Thanks for following up on this David (I can now take it off my list of material to remove). I've added a link to your comment on that editor's talk page to my summary of the issue. Alternatively, I could remove my summary and simply use yours. Please do as you wish there.
If you're looking for more problems with the Brethren of Purity articles, all the overenthusiastic material there on evolution is similarly contradicted by sources like Nasr.
All the best. –Syncategoremata (talk) 19:04, 17 April 2010 (UTC)
Given the editor's reply to my objections to some of his edits on his talk page, I now feel comfortable adding my name as an editor certifying the basis for the dispute and have just done so.
David Wilson (talk · cont) 02:59, 19 April 2010 (UTC)
David, many thanks both for adding your objections to his talk page and also for adding your name to the draft. I woke up this morning to respond to his response to your objection, only to find that you had already done so, and in a much better way than I would have managed.
Just to say that some discussion is going via email, and that if you were to set up an email here, it would be good to have you involved in those discussions.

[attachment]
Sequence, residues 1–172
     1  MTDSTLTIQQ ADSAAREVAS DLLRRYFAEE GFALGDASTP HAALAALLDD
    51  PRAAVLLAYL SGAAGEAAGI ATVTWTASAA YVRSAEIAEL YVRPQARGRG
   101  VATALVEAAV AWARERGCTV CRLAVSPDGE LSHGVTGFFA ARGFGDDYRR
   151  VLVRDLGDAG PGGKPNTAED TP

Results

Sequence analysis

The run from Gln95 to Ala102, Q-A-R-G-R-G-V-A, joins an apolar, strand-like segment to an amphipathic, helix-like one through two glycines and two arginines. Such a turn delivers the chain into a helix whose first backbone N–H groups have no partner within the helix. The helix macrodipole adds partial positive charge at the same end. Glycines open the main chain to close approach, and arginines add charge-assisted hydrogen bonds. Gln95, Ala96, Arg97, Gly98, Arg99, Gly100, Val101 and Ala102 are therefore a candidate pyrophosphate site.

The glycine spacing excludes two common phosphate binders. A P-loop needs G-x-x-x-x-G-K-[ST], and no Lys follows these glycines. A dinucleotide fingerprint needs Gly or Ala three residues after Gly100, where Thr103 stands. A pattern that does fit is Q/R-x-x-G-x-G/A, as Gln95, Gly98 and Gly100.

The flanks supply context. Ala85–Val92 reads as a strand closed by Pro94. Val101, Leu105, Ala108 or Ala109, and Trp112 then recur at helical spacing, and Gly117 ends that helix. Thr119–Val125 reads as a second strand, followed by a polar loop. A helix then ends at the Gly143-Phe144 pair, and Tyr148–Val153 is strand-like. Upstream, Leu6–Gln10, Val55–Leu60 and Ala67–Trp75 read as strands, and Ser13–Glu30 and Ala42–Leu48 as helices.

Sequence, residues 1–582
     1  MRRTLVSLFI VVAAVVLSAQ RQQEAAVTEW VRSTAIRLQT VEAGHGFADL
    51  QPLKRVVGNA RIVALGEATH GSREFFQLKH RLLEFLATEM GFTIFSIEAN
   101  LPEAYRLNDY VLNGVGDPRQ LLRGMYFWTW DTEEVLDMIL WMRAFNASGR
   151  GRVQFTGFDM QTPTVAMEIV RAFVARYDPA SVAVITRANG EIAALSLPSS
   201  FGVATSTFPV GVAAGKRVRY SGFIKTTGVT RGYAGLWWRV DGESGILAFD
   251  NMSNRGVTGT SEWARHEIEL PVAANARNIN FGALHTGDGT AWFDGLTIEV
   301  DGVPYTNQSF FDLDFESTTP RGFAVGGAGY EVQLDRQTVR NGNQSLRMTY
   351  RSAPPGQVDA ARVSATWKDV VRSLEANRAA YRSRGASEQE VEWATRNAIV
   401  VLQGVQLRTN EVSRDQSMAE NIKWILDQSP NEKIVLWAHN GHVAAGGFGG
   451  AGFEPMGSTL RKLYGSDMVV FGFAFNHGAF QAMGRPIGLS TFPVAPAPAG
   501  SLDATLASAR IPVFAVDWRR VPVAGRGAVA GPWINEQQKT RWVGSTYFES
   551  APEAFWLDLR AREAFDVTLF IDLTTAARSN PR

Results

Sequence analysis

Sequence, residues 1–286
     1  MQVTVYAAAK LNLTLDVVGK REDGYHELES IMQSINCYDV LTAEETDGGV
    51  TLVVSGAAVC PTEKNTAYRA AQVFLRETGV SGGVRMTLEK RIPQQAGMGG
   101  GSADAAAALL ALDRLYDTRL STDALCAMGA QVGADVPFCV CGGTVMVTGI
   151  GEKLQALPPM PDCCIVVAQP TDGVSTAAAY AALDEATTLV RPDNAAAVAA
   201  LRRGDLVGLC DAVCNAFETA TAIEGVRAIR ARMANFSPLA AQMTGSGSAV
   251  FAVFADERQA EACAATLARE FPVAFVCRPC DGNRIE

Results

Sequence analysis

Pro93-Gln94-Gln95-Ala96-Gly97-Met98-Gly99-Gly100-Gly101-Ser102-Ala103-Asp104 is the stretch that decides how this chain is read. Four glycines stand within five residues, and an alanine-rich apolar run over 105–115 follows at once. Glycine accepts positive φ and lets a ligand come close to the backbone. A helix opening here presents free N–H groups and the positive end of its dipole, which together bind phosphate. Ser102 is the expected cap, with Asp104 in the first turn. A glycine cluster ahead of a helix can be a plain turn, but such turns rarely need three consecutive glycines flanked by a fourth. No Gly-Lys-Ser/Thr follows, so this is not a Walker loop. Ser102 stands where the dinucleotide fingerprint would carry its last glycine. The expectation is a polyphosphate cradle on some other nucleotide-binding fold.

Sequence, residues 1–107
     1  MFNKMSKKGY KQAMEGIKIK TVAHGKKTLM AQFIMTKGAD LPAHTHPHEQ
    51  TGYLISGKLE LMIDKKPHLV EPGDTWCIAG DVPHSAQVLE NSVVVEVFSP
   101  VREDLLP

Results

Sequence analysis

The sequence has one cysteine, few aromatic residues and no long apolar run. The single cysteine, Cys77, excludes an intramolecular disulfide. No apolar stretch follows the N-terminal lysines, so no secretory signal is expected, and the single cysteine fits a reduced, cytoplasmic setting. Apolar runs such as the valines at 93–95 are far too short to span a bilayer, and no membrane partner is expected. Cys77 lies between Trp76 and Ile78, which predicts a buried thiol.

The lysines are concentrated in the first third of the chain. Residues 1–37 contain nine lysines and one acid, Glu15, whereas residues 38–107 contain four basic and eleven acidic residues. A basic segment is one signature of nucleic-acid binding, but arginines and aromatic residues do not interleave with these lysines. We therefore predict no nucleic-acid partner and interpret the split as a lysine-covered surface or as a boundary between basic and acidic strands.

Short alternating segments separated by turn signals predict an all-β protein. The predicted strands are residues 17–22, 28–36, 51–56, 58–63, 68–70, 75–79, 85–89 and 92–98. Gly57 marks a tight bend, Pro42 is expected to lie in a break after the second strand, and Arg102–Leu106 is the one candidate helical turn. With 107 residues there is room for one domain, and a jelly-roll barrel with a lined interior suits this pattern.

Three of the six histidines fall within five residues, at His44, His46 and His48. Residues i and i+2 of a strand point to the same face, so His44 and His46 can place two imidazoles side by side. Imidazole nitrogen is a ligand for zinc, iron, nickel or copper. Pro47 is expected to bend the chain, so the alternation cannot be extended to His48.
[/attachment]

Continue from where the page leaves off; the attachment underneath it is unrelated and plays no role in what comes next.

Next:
All the best. –Syncategoremata (talk) 08:50, 19 April 2010 (UTC)
I have now enabled e-mail from other users in my preferences.
David Wilson (talk · cont) 12:09, 19 April 2010 (UTC)

## RfC/U draft re: Jagged 85

David,

Thought you should be aware of the Draft RfC/U concerning Jagged 85 at User:Syncategoremata/Draft. Hope you can find time to help.

Steve — SteveMcCluskey (talk) 02:08, 17 April 2010 (UTC)

OOPS; I see that Syncategoremata has already mentioned that above.

## RFC discussion of User:Jagged 85

A request for comments has been filed concerning the conduct of Jagged 85 (talk · contribs). You are invited to comment on the discussion at Wikipedia:Requests for comment/Jagged 85. -- Syncategoremata (talk) 17:30, 21 April 2010 (UTC)

Hi, I've noticed that you spent the last two days analyzing edits. Unless you think they will be useful for further proceedings, it's absolutely already enough to warrant a check (in particular since I've pretty much already said it). Amalthea 16:21, 13 June 2010 (UTC)
Most of the time I have spent putting together the SPI case has not been devoted to "analyzing edits" (though I have done a little of that) but in simply collecting the diffs of Jagged 85's edits necessary to establish a connection between him and the IP. While the diffs you provided for the IP's edits (and thank you very much for doing so) are certainly enough to demonstrate a likely connection to someone who is already familiar with Jagged 85's activities, I can't see how they could do so by themselves to anyone who isn't.
David Wilson (talk · cont) 05:56, 14 June 2010 (UTC)